Rodney once said that a song wasn’t complete until it had the approval of Susanna Clark.

The Hearworn Highways videos that were filmed at Guy and Susanna’s home give a good indication to what it must have been like. I cannot fathom how it must have felt to be surrounded by such great talent. If only I could’ve been a fly on the wall I would have been more than satisfied.

In 1977 Johnny Cash charted with Guy Clark’s tune “Last Gunfighter Ballad.”

By 1982, Ricky Skaggs was topping the charts with “Heartbroke” which reached the #1 spot. Steve Wariner took Guy’s Song “Baby I’m Yours” to the #1 position in 1988. Rodney Crowell did it in 1989 with “She’s Crazy For Leaving.”

Rodney Crowell co-wrote “She’s Crazy for Leaving” with Guy Clark. It was the 3rd of 5 straight #1 hits in a row for Rodney.

Bobby Bare, Vince Gill, and John Conlee all saw top 10 on the charts with Guy Clark’s songs.

1985 saw the Highwaymen, Willie, Waylon, Kris, and Johnny re-release “Desperados Waiting For A Train.” This brought the old song to a whole new generation. I had been raised listening to these outlaws who banded together to form the Highwaymen.

I had first heard “Desperados Waiting For A Train” being performed by Jerry Jeff on an album that I had found discarded in the trash. It must have been about that time, that I discovered the real Guy Clark and when I began to admire him for the works he had written. (Read the entire story of my dumpster diving days here on my blog from 10/24/20 “Viva Terlingua.”)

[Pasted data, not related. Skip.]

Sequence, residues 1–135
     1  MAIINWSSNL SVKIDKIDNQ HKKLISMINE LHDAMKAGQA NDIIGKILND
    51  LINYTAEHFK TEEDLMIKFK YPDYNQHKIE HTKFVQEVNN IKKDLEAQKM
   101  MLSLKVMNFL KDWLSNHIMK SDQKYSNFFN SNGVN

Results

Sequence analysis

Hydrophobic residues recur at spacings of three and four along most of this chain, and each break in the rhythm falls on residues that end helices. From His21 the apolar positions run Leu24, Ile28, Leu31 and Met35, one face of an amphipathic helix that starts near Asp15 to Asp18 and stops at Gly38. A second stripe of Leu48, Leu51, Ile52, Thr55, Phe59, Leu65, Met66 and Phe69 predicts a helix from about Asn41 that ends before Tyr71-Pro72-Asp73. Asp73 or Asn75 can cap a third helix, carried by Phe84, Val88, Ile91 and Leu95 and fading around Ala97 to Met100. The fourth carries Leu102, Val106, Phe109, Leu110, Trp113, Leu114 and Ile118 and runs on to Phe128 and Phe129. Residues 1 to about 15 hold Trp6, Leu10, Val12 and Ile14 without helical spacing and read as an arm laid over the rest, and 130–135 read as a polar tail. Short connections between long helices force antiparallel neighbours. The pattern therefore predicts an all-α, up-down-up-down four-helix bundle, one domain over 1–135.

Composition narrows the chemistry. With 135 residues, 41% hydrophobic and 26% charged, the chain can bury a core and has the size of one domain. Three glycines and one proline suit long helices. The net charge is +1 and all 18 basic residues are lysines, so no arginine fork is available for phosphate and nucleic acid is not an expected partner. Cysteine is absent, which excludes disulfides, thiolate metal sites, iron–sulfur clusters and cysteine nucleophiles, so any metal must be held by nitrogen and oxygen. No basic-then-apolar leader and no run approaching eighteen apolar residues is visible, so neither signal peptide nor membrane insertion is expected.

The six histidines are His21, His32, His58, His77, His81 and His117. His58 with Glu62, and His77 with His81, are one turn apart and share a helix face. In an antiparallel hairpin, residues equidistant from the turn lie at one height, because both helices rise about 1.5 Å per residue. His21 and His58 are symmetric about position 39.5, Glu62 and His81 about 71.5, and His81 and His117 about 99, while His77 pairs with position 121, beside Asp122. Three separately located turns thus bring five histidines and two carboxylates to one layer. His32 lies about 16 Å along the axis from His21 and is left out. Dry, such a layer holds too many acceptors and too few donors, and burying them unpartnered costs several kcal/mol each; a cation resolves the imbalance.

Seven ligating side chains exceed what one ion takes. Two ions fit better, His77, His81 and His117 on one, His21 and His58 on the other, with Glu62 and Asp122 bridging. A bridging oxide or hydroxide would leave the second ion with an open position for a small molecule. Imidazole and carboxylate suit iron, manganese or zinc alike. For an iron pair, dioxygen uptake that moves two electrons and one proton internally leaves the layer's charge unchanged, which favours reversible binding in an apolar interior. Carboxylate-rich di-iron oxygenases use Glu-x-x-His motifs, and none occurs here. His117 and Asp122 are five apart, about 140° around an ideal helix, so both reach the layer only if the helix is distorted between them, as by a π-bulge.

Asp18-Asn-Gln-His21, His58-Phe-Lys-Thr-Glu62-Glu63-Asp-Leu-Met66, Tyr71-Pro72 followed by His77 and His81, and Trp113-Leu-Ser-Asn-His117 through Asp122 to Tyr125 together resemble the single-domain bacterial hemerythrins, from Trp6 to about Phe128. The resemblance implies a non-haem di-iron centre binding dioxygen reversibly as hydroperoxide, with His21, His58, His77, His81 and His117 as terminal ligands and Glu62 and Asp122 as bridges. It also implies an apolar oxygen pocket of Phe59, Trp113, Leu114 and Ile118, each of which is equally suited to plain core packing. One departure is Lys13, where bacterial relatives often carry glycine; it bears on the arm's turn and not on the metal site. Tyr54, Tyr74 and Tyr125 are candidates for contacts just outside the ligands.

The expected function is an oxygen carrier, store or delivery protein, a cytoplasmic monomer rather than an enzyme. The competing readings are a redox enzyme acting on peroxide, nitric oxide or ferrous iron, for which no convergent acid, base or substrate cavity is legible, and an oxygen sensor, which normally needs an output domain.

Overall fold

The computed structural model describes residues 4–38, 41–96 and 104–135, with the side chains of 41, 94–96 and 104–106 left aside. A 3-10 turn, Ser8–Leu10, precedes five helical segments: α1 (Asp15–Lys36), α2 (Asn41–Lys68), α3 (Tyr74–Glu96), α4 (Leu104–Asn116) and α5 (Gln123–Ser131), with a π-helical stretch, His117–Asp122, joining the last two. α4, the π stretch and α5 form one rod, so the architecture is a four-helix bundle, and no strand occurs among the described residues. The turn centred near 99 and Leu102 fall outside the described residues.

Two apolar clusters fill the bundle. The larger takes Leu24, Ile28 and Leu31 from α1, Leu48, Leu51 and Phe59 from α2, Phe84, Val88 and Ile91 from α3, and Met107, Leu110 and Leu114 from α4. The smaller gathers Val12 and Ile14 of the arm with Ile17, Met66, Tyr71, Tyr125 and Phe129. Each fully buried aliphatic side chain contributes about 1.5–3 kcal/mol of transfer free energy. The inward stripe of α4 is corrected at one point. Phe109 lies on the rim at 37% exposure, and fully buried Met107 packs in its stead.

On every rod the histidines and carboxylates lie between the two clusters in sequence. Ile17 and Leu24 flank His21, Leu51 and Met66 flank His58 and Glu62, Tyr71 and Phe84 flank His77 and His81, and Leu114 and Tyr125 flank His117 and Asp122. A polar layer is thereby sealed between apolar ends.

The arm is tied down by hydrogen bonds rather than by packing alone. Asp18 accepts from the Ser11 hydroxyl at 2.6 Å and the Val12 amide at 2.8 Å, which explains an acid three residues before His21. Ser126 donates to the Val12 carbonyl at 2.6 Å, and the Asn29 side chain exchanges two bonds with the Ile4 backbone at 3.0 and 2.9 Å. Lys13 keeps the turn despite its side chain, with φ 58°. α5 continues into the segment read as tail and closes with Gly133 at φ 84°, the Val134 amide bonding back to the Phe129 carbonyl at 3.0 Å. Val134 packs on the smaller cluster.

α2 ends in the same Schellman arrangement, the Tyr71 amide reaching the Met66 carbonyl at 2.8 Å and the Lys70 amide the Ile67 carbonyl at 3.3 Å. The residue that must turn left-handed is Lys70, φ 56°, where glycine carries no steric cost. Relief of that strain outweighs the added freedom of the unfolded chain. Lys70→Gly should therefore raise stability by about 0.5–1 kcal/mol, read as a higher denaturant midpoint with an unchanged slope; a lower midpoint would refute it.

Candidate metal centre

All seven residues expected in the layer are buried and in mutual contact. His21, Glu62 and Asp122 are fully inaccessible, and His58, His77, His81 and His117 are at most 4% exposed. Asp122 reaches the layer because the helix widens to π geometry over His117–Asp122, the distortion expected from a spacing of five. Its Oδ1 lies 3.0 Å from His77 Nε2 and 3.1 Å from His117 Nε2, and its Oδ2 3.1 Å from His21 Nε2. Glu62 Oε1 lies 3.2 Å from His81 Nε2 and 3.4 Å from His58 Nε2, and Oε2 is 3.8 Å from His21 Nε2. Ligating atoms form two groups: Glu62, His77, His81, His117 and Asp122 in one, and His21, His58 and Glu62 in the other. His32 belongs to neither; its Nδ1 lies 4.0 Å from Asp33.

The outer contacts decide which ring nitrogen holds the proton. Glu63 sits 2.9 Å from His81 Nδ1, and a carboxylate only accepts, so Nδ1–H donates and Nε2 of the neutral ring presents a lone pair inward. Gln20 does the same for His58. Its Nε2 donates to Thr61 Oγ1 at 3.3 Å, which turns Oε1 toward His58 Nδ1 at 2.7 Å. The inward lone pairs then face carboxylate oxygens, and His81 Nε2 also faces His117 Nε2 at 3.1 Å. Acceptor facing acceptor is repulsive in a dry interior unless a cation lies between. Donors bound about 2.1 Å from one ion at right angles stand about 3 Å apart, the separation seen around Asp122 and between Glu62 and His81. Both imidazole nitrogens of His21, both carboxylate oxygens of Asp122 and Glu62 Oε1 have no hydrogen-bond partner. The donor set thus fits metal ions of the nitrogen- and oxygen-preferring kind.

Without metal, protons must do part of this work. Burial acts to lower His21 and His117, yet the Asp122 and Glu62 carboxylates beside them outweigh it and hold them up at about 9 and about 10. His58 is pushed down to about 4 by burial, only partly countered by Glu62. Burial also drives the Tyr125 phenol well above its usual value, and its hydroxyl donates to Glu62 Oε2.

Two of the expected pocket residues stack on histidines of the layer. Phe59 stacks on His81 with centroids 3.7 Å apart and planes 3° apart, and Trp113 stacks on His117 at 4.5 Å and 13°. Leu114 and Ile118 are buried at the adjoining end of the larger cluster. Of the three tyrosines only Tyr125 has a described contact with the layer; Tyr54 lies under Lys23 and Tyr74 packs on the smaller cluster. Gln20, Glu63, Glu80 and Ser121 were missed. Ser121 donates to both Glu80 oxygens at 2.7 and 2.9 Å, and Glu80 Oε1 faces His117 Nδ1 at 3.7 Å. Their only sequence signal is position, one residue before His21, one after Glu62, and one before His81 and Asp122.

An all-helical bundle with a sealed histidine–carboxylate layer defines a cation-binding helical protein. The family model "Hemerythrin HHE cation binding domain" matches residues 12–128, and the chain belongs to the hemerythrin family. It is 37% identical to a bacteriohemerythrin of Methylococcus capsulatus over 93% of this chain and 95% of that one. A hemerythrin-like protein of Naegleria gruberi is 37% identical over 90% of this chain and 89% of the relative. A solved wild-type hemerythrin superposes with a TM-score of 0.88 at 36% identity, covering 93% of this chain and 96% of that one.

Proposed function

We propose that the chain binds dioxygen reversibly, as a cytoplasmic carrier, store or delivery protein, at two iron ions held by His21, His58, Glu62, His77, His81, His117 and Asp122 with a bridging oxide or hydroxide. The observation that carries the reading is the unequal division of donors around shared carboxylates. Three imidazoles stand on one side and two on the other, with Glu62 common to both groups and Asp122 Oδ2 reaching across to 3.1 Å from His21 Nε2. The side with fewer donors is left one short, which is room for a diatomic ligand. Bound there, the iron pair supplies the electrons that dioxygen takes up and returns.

Jimmy Buffett had two Guy Clark songs in 1997. “Boat’s to Build,” and “Cinco De Mayo in Memphis.”

John Denver recorded Guy’s tune “Homegrown Tomatoes” in 1988. It was then that I fell in love with John Denver’s music.

Guy also turned me onto John Prine and Emmylou Harris. They recorded a version of “Magnolia Wind” in 2011. Somewhere around that time, I also found and began to follow Tom Russell.

Tom Russell’s style in his own songwriting shows many characteristics of Guy’s work.

Steve Earle, who I had first heard on the Heartworn Highways album, recorded Guy’s song El Coyote in 2013.

Guy Clark continued to influence songwriters and write songs himself all the way up to his death May 17,2016.

Even after his death, the final song that Guy Clark wrote was released by Angaleena Presley. It was on the 2017 album Wrangled. Her song, “Cheer up Little Darling,” was co -written by Guy.

Guy Clark’s own recordings are catalogued on his multiple albums. His first album, Old No #1 recorded by RCA was done in 1975. The year I was born.

His final album was Guy Clark:The Best of Dualtone Years released in 2017.

I suppose that I have always been a fan of Guy Clark. Even before I didn’t consciously realize who that was. I appreciate all that Guy has done for music. He helped to create the Americana genre. A genre that will outlive us all. His 2005 AMA Lifetime Achievement Award for Songwriting doesn’t even give enough credit for all of the lives that his music has impacted. Guy loved to write music and he loved to share his musical talent with others.

“I have no reason to sit home and write songs all day without going out and playing for the folks and I have no reason to play for the folks unless I’m writing new songs…”

Guy Clark

Happy Birthday Guy Clark. Thank You for the memories and for the music.


October 26 2020

Happy Anniversary Waylon and Jessi